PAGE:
Bank assessment policies discussed

11 August 2000

The latest issue of News and Notices for World Bank Watchers discusses World Bank social and environmental assessments and calls for a new “dynamic assessment” procedure.

News and Notices comments that currently there is “a confounding array of social assessment tools (e.g. beneficiary surveys, participatory rural appraisal), that vary widely in price in the Bank’s internal market. The proliferation of tools creates a swamp of confusion”. Social assessments are currently not mandated except for projects involving indigenous peoples and resettlement. The Bank plans to draft a new social assessment policy during 2000-2001. The new policy is likely to be an “umbrella” for a range of concerns relating to resettlement, indigenous people, cultural property, gender, and post-conflict issues. The policy will define “social assessment” and identify the circumstances in which it is required.

The “dynamic assessment” process that is beginning to be discussed by a number of NGOs and officials would aim to help citizens develop and monitor Bank projects and country programmes. It would involve a series of studies and reviews, including needs assessments, initial impact assessments and ongoing programme monitoring and adaptation. News and Notices comments that “the Dynamic Assessment process can foster ownership and accountability for results. It can help to forge in-country partnerships and build institutional capacity. Indeed, it is doubtful whether the IMF and World Bank can produce positive benefits for borrowing countries – especially poor and vulnerable populations within those countries – without reliance on such a process.”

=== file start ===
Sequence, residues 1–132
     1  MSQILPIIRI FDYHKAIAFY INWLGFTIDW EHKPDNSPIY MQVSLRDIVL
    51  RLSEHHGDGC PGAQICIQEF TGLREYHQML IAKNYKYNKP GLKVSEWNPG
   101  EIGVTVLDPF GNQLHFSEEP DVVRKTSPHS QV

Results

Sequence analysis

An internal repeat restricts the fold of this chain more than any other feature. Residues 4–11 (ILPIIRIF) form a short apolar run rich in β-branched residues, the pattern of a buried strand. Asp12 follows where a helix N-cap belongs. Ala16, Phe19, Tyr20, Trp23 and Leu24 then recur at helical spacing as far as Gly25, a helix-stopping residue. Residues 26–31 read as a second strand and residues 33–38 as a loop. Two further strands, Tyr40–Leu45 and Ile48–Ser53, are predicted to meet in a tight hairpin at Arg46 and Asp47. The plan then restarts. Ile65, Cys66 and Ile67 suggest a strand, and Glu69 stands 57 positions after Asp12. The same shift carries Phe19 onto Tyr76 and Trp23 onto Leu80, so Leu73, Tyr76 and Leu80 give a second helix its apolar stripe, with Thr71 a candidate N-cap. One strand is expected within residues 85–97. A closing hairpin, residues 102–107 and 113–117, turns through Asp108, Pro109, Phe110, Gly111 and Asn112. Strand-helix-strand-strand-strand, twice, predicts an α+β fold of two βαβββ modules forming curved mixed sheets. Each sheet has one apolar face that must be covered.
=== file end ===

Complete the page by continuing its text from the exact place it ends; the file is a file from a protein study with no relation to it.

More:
Larry Lohmann of the Cornerhouse think-tank commented that: “The concept here looks good and is based on points made by activists for several decades. But the Bank has a long history of taking suggestions for making its operations more sensitive to the needs of the poor and using them to create institutions which are instead more sensitive to corporate needs. There is less than no point to providing more such suggestions unless they are accompanied by demands for institutional changes in the World Bank and IMF relating to salaries, promotion and hiring and firing. They should also be accompanied by more details about who is going to assess needs, and how governments are going to be prevented from collecting merely the information a certain class wants to see collected about alternatives”.



See also Missing the Point of Development Talk: Lessons for Activists